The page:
Colorado voters pass Amendment 77, giving local control over games and wager limits to casino towns

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Posted at 11:44 PM, Nov 03, 2020
and last updated 2020-11-04 01:46:45-05

DENVER – Colorado voters handed local control to residents of Central City, Black Hawk and Cripple Creek to vote to add new casino games and raise single-wager limits with Amendment 77’s passage.

The Associated Press called the race not long before 10 p.m. Tuesday, with 60% of Coloradans voting in favor of Amendment 77’s passage, compared to 40% who voted against it, with 84% of precincts reporting.

With the measure’s passage, voters in those three municipalities will now be allowed to vote to expand games at casinos there beyond the current slots, blackjack, poker, craps and roulette – the only games currently allowed at casinos in Colorado.

MORE: Live updates: Colorado votes in the 2020 General Election

They will also be allowed to increase single-wager limits beyond $100, where they have been capped since 2008. Amendment 77 changes the state’s constitution.

Proponents of the measure had argued that the $100 limits – among the lowest in the country – were keeping the local communities from benefitting from extra revenue by sending gamblers to other states with higher limits.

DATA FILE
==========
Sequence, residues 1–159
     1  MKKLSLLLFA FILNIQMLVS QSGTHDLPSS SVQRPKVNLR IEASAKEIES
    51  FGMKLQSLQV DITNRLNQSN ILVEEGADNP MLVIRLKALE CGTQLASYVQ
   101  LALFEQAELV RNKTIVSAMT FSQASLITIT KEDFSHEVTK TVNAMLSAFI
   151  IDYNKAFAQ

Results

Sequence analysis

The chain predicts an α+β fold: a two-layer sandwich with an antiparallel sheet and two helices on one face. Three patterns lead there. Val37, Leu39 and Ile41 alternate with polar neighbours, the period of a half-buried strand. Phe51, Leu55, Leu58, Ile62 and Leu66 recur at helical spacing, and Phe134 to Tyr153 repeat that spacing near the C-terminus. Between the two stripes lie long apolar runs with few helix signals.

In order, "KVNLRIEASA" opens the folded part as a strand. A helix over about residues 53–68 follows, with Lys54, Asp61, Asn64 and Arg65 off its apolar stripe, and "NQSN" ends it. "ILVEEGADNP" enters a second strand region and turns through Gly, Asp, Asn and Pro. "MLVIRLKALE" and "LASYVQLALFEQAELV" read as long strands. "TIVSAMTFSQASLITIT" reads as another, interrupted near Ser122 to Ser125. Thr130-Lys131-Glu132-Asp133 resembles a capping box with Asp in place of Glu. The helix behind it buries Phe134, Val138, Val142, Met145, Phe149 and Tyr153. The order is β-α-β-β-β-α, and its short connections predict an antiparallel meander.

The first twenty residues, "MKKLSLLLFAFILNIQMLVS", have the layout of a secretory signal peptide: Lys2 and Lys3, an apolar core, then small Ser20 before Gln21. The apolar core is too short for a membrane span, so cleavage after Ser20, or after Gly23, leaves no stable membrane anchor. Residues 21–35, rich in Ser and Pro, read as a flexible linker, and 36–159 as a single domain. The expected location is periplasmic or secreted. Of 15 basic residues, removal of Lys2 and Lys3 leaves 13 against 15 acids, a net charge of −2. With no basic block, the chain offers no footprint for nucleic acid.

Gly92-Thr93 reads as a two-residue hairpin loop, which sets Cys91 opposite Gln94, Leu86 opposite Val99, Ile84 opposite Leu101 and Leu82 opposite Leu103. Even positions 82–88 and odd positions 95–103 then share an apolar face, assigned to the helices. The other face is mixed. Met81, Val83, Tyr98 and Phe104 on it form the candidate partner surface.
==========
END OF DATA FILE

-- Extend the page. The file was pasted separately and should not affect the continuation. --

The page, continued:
The bulk of the increased revenue coming in from the new games and higher limits – if they are passed by voters locally – would go toward community colleges and student retention and graduation programs. Seventy-eight percent of the revenue would go towards those programs; 12% would go to Gilpin and Teller counties; and 10% would go toward the towns, according to the measure.

Amendment 77 has received backing from the Colorado Gaming Association, various community colleges and the Colorado Chamber of Commerce.

“We appreciate that Coloradans supported our town’s right to determine our future so we can improve economic opportunities for the people who live and work here,” said Bruce Brown, Cripple Creek’s former mayor and a proponent of Amendment 77. “Things won’t change overnight, but I believe this will help us get back on our feet.”

“Hopefully, a modest boost in revenue will help as these towns rebuild their economies, as well as help students stay in school and graduate,” said former state Senate President Bill Cadman, who also supported the measure.